Release Date 12/04/2010
By Chris Oliver
What’s happening to Scottish music nowadays? Scottish bands seem to have developed a real identity within guitar music – perhaps seeking to make amends after the turd that was Franz Ferdninand plopped, steaming onto the British music scene. Bleak, melancholy and down-beat, yet without being depressing – like the last rays of sun on a winter’s day, the soundscapes of the new Scot-rock (and Gael-ternative) not only transport us mentally to the imagined landscapes of its origins, but they may well turn out to be the next big thing.
‘We Were Promised Jetpacks’ latest EP ‘The Last Place You’ll Look’ has recognisable characteristics from this new scene: militaristic drums, cathedral-sized reverbs, strains of olde folk music from the land of heather, lochs and Irn-Bru, and a voice best described as ‘wan’ – oh, and that accent. It’s my prejudice, of course, but I immediately pigeon-hole bands when I hear singers from north of the border (in this case, Edinburgh).
Although I am the first to admit that Biffy Clyro, among others, do break the mould, I stick this kind of music in a file that says ‘sloppy, loose, unprofessional’ – and on this showing, ‘We Were Promised Jetpacks’ live up to my stereotype.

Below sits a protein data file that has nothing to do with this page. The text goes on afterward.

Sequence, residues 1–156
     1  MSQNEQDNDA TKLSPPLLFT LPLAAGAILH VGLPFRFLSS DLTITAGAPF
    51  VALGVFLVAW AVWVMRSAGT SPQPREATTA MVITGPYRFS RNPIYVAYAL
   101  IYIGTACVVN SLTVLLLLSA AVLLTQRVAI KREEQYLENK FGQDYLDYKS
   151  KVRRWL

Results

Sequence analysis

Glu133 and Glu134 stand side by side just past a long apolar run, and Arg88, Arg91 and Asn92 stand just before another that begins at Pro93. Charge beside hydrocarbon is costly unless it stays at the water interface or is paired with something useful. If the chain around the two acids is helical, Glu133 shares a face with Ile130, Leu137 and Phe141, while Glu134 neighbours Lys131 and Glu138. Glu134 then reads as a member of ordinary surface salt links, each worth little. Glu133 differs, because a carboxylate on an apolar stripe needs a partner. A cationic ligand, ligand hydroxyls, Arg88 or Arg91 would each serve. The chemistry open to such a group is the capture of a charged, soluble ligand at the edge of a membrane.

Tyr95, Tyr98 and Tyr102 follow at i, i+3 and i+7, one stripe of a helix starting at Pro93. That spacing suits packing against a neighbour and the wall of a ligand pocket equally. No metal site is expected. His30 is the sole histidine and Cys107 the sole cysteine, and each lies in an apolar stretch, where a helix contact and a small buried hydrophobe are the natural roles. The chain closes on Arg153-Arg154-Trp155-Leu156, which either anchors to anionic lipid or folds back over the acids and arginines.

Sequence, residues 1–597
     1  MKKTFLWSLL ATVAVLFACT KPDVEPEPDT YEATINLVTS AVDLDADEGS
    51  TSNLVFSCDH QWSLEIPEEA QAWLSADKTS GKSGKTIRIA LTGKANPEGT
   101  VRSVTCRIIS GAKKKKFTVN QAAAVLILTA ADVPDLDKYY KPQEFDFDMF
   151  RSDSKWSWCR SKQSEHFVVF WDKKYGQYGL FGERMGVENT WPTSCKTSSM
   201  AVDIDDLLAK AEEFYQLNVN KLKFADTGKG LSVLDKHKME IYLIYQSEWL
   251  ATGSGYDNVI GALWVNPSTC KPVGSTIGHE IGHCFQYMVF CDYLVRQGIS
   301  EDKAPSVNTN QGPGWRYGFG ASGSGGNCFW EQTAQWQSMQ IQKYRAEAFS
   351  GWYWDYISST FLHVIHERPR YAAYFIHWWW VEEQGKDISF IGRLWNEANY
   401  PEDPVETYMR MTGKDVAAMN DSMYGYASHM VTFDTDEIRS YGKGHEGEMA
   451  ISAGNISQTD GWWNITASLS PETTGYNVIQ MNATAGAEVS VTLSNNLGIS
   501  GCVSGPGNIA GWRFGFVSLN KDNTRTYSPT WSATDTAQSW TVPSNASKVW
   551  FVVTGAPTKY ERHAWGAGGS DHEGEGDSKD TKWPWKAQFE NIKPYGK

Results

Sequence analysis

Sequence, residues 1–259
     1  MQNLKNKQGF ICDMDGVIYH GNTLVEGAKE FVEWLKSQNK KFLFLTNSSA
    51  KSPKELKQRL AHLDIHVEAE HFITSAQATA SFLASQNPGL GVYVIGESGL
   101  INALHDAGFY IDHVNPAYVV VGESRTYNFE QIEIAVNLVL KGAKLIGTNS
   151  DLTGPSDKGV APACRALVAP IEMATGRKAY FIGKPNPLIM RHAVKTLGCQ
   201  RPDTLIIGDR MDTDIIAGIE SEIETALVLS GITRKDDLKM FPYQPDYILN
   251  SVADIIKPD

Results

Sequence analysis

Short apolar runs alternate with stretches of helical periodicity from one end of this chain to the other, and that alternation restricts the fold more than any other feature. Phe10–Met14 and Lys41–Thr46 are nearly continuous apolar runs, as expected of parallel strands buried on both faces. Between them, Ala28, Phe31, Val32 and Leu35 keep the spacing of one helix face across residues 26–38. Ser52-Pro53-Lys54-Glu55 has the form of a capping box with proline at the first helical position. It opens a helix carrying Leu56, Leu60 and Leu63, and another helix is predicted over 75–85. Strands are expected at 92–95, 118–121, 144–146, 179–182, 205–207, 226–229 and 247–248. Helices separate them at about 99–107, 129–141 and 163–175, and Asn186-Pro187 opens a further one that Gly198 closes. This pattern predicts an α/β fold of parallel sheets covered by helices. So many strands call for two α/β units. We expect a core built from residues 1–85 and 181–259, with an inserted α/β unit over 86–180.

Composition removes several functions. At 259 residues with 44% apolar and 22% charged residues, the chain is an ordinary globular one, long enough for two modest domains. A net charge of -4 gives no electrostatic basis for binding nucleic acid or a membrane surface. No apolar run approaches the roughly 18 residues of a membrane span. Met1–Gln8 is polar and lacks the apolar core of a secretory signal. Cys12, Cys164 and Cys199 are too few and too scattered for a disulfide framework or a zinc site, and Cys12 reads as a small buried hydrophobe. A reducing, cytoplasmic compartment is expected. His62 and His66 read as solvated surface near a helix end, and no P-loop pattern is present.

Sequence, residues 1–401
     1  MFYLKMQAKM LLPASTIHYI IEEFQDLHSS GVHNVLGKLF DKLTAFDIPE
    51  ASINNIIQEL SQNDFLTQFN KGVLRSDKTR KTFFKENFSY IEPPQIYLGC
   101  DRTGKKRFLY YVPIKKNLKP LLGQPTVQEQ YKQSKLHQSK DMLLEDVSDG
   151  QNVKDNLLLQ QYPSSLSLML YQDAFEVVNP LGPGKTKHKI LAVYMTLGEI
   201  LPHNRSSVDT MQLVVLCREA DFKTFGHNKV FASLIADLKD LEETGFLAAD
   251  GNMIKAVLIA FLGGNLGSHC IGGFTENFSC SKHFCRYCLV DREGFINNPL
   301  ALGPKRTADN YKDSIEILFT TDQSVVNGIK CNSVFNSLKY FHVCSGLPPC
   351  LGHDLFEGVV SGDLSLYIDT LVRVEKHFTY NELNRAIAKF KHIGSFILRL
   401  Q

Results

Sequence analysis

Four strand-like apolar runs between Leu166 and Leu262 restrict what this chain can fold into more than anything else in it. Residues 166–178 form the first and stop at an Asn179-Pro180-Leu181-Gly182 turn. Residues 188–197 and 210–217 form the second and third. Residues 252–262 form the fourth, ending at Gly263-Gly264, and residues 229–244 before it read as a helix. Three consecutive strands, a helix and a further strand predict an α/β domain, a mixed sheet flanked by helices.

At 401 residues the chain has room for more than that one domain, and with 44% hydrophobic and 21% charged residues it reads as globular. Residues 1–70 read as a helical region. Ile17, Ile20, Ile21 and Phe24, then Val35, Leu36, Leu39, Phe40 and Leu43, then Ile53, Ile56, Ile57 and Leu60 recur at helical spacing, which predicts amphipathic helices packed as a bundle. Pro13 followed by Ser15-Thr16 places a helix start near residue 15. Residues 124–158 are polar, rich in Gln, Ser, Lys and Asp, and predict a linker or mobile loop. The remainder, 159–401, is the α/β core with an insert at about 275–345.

All kinds of instruments pop in for a quick chat – horns, strings, piano, glockenspiel… They’re given plenty of room, although that brings me to a geeky bone of contention: I get the feeling this was recorded on the cheap. Some of the sounds don’t quite have that ‘professional studio’ quality to them – and various instruments (the drums on the ‘A Far Cry’, the piano on ‘This is my house, This is my Home’, and the vocals on ‘Short Bursts’) all have the same stoney echo to them, probably from a bad live room. It doesn’t really drag it down much though, unless you are a tone-fascist like me.
I am not overly impressed by the musicianship either, especially from the drummer, but according to the press release, this is a more restrained and soulful offering from Jetpacks, showing off their diversity and whatnot – so maybe they’re better at doing what they do best. The vocal lines are pretty samey – especially the first lines of the four longer songs. Overall though, it’s enchanting, emotional, evocative, lyrical and strangely uplifting, despite being very downbeat.